Monday, 9 March 2015

Loie Fuller - The Butterfly Dance

American Loie Fuller (1862-1928), was a solo dancer who had no formal training, but is recognised as being an important element in the development of modern dance. I discovered her work during some research for another project, and was intrigued by these amazing images of her manipulating yards of fabric supported by bamboo to elongate her arms which gave the effect of transforming her into a human/butterfly and human/flower hybrid. I was lucky enough to see some original footage of her performing the butterfly Dance at the Reina Sofia in Madrid. She became famous for the choreography, costumes and lighting effects in her Butterfly and Serpentine dances.

Fuller's style of dance caused a sensation in France and I was also interested to see the responses her dramatic dances inspired in turn of the century artists and designers in Paris such as Toulouse Lautrec, Alphonse Mucha and Koloman Moser, many of which I will feature in my next post.

Fuller was a child actress who worked in pantomime and then moved into burlesque and was influenced by the special effects of the stage, in which magic lanterns and calcium lights were used to project images onto fabric, and also the long lengths of material adapted for use in the skirts of other dancers in burlesque and vaudeville.

These photographs of Fuller go some way to displaying the drama and spectacle of Fuller's costume and choreography. She creates dramatic shapes which are very reminiscent of a butterfly and a flower. She is literally engulfed in a column of fabric in the photographs below. The photographs are by Samuel Joshua Beckett and Frederick Glasier.

Fuller combined a mixture of these special effects and developed others of her own to create something unique to stage performance at that time. Her first major choreographic hit was the Serpentine Dance of 1891 which became popular. She got into dispute with the management of the theatre however, and was released from her contract as result. Another dancer was hired by the theatre to perform Fuller's Serpentine Dance and this led to a legal battle to copyright her work, which ended in failure. Fuller then left the United States for Paris where her dances such as Papillon (1892),and Dance of the Lily, caused a sensation and she found huge acclaim amongst artists and writers as well as the general public.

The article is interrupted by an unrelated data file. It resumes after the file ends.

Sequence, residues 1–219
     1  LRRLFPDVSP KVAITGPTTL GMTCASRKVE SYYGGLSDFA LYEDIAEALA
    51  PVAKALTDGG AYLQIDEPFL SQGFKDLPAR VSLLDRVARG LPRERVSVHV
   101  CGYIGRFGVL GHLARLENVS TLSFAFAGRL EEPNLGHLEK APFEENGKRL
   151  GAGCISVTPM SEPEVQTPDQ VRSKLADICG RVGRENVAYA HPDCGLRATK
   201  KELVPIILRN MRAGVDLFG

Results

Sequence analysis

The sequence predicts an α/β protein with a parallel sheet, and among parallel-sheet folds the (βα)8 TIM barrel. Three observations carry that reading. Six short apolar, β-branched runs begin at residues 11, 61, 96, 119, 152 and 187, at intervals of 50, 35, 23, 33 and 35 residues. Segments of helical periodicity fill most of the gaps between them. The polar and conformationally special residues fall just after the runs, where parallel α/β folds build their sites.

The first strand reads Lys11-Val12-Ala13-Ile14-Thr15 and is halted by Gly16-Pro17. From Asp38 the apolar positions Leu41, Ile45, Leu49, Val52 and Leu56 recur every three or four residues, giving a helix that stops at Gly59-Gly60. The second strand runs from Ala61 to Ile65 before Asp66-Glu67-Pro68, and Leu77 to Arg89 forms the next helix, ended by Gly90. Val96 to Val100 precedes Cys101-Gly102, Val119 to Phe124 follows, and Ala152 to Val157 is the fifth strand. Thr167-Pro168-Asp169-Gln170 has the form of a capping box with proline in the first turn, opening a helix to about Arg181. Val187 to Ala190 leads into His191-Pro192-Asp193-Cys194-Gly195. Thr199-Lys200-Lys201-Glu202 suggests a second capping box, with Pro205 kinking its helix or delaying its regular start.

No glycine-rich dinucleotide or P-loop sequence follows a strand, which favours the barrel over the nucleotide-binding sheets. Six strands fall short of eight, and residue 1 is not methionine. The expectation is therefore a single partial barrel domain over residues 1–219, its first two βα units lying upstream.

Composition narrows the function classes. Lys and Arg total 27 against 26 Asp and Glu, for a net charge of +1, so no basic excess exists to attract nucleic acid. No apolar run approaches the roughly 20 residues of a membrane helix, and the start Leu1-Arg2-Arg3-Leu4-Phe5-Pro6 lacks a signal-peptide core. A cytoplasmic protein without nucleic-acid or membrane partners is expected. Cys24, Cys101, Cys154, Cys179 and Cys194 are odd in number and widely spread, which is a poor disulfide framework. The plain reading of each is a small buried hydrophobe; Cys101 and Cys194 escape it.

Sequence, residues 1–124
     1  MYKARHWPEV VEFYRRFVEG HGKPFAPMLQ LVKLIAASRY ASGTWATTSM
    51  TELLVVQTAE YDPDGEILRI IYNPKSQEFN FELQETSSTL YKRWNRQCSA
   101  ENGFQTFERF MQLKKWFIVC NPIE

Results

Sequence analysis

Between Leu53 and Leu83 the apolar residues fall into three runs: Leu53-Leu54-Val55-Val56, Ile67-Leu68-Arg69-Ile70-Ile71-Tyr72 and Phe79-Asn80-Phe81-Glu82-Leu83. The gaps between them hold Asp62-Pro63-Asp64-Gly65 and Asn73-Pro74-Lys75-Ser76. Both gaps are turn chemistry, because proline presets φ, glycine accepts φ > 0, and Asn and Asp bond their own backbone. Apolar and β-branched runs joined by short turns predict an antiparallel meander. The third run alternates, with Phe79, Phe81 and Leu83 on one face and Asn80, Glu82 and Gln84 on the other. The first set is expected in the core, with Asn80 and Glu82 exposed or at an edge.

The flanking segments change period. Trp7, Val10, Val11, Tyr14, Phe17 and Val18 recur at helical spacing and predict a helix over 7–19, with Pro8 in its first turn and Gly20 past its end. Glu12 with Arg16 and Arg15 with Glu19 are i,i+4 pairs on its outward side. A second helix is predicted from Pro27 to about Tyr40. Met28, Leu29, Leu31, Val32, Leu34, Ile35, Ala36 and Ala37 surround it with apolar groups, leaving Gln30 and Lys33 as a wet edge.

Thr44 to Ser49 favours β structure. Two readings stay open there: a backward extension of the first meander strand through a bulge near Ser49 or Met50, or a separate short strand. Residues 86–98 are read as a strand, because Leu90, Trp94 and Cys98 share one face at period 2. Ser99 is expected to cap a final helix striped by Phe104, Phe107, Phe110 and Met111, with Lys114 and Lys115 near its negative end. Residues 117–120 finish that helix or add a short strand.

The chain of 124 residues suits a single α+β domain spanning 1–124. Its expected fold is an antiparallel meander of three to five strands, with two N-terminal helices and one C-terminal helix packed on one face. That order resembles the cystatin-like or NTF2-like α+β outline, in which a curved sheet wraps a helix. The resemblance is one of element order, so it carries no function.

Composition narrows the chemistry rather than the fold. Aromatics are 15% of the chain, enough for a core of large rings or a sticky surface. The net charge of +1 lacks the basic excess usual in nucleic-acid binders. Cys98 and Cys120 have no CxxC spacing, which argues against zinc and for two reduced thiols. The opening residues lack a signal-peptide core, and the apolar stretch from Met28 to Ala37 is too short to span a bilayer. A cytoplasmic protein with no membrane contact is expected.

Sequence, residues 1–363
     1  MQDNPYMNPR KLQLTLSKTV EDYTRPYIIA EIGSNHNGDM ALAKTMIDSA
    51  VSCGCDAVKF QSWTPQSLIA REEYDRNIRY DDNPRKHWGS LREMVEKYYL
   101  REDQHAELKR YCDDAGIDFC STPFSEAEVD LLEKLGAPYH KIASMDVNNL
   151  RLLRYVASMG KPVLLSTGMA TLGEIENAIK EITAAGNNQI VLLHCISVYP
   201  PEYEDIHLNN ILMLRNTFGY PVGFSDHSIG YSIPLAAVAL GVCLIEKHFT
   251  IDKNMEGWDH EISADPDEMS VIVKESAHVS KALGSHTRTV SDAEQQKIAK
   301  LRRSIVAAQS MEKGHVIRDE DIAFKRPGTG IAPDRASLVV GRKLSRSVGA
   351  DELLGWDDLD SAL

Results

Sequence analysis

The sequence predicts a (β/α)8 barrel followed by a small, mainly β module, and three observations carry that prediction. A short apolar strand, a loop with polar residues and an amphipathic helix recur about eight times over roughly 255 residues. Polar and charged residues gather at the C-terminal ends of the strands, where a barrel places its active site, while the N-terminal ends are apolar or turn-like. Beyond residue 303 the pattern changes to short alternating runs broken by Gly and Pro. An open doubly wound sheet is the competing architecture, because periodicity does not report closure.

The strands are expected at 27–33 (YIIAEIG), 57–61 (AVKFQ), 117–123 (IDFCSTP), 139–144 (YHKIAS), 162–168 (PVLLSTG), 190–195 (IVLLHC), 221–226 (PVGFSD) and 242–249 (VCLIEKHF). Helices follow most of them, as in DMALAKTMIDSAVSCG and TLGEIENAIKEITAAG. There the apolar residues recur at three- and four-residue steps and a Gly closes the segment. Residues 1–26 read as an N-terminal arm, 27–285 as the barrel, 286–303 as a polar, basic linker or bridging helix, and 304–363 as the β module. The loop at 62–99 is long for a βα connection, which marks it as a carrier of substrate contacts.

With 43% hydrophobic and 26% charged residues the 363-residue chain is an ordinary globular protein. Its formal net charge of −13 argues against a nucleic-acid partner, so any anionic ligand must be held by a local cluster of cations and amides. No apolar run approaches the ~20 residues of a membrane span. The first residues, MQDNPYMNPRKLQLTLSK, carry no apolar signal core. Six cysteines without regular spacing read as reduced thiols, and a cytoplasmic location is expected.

So popular did Fuller become that she was given her own theatre at the Exposition Universelle in Paris 1900. Here she was able to generously support other female dancers such as Isadora Duncan. Although Duncan is attributed as being the first pioneer of modern dance, we can now see the innovative work and techniques that Fuller created and performed throughout her career show her to be the actual original pioneer.    

Techniques and innovations that Fuller patented and employed in her performances verged on the cinematic and included using a complex set up of mirrors as a back-drop, dancing against a black floor and background which was lit by a wheel of projected coloured lights, dancing over a glass trap-door lit by red light to create the sensation of being engulfed by flame in the finale of her Fire Dance (1895). As well as designing all of her own silk costumes, Fuller experimented with glow-in-the-dark phosphorescent paints and other toxic chemicals which caused her to become ill, and would unfortunately lead to her demise. Fuller and her work continue to be an influence on contemporary dancers such as Jody Sperling and Ann Cooper Albright who draw on Fuller's dances and effects for their own choreography.

An example of Loie Fuller's choreography can be seen by clicking on the screen below. There seems to be much  dispute about the many video clips which make claims to be of Loie Fuller dancing, and of which dance she is actually performing. The woman in this clip resembles Fuller, and at the beginning of the clip the dancer is definitely performing a Butterfly dance, despite it being labelled the Serpentine Dance. If anybody reading knows better however, then please enlighten me.